Robert Pinget

I admire the writing of French author, Robert Pinget. For those readers who like a challenge and don’t insist on an action-packed plot with familiar characters, Pinget is a good choice. It is best if you read in French but there are sufficient translations in print to satisfy most readers. But Pinget is one of those authors who are better in the VO because they play with the language and even a good translator might not carry the sense of the writing into the translation.

To show you all the wonderful novels you can read by Robert Pinget, here is the list from Wikipedia:

  • Entre Fantoine et Agapa, (Jarnac, Ed. Tour de Feu, 1951), Ed. de Minuit (tr. Between Fantoine and Agapa, 1982)
  • Mahu ou le matériau, (Paris, Robert Laffont, 1952), Ed. de Minuit (tr. Mahu or The Material, 1966, 2005)
  • Le Renard et la boussole, (Paris, Gallimard, 1953), Ed. de Minuit
  • Graal flibuste, Paris, Ed. de Minuit, 1956
  • Baga, Paris, Ed. de Minuit, 1958 (tr. Baga, 1984)
  • Lettre morte, Paris, Ed. de Minuit, 1959
  • La Manivelle, Paris, Ed. de Minuit, 1960
  • Clope au dossier, Paris, Ed. de Minuit, 1961
  • Ici ou ailleurs, Paris, Ed. de Minuit, 1961
  • Architruc, Paris, Ed. de Minuit, 1961
  • L’Hypothèse, Paris, Ed. de Minuit, 1961
  • Le Fiston, Paris, Ed. de Minuit, 1959 (tr. Monsieur Levert)
  • L’Inquisitoire, Paris, Ed. de Minuit, 1962 (tr. The Inquisitory, 1982, 2003)
  • Autour de Mortin, Paris, Ed. de Minuit, 1965
  • Quelqu’un, Paris, Ed. de Minuit, 1965 (tr. Someone, 1984)
  • Le Libera, Paris, Ed. de Minuit, 1968 (tr. The Libera Me Domine, 1978)
  • Passacaille, Paris, Ed. de Minuit, 1969 (tr. Passacaglia, 1978)
  • Identité, Paris, Ed. de Minuit, 1971
  • Abel et Bela, Ed. de Minuit, 1971, (Acte Sud, coll. “Répliques”, 1992) (tr. Abel and Bela, 1987)
  • Fable, Paris, Ed. de Minuit, 1971 (tr. Fable, 1980)
  • Paralchimie, Paris, Ed. de Minuit, 1973
  • Nuit, Paris, Ed. de Minuit, 1973
  • Cette Voix, Paris, Ed. de Minuit, 1975 (tr. That Voice, 1982)
  • L’Apocryphe, Paris, Ed. de Minuit, 1980 (tr. The Apocrypha, 1986)
  • Monsieur Songe, Paris, Ed. de Minuit, 1982 (tr. Monsieur Songe, 1988)
  • Le Harnais, Paris, Ed. de Minuit, 1984
  • Charrue, Paris, Ed. de Minuit, 1985
  • Un Testament bizarre, Paris, Ed. de Minuit, 1986 (tr. A Bizarre Will, 1989)
  • L’Ennemi, Paris, Ed. de Minuit, 1987 (tr. The Enemy (novel)|The Enemy, 1991)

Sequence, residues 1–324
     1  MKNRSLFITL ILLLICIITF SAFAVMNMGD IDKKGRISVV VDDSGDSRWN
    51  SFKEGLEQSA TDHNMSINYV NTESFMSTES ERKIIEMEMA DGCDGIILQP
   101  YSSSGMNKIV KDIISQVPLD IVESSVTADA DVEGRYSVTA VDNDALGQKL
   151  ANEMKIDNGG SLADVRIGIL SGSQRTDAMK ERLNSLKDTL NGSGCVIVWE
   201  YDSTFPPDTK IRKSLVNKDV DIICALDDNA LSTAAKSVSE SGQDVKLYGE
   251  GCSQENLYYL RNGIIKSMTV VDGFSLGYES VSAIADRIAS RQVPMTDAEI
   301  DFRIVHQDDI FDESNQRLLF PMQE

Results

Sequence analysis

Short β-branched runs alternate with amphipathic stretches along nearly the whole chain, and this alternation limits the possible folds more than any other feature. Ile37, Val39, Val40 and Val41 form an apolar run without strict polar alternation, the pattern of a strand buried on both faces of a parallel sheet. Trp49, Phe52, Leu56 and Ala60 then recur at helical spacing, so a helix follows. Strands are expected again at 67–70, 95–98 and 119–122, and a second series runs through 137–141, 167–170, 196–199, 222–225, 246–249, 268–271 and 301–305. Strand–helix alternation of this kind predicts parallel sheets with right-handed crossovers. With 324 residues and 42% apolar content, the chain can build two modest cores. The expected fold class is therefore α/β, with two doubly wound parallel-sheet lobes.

• Du Nerf, Paris, Ed. de Minuit, 1990 (tr. Be Brave, 1994)
  • Cette Chose, by Robert Pinget and Jean Deyrolle (editor), Paris, (1967), 1990
  • Théo ou le temps neuf, Paris, Ed. de Minuit, 1991 (tr. Theo or The New Era, 1994)
  • L’Affaire Ducreux et autres textes, Paris, Ed. de Minuit, 1995
  • Tâches d’encre, Paris, Ed. de Minuit, 1997 (tr. Traces of Ink, 2000)
  • Mahu reparle, Paris, Ed. des Cendres, 2009
  • La Fissure, précédée de Malicotte-la-Frontière, Genève, Ed. MetisPresses, 2009
  • Jean Loiseau, in Histoires littéraires n° 40, 2010

In his short novel Cette Voix (That Voice) Pinget cuts from theme to theme until reaching a point where he resumes the interrupted themes in reverse order. This is best known as the Russian Doll structure and if you’ve manipulated a Russian Doll set, you know why the appellation is used. Pinget, however, referred to his work as an attempt at anamnesis. An anamnesis is a remembering: a recalling to memory of things from the past. Plato referenced memories from a former life as an anamnesis.

Pinget saw the thematic structure of Cette Voix as an anamnesis but he also saw the narrative structure of the novel as an an anamnesis. Even in this short work the reader must unwrap the complexities of Pinget’s triple anamnesis:

  1. That of the narrator
  2. That of the chronicler (relative to the work achieved up to the present time)
  3. Formal (relative to the structure of the book which, after the halfway mark, is recomposed or decomposed by re-ascending, the themes resume in reverse order to their formulation)

My favorite Pinget to date is L’Inquisitoire (The Inquisitor) which is an extended questioning of a suspect by a government official. The plot sounds simple but the development of the narrative is complex and intriguing. What questions do you ask to ascertain the truth and what answers do you give to avoid incriminating yourself? I found this one fascinating.

Robert Pinget is associated with the Nouveau Roman so he is a good writer to include with your reading of Alain Robbe-Grillet and Marguerite Duras. He is also often compared to Samuel Beckett and that is certainly praise enough to start reading Pinget without delay.

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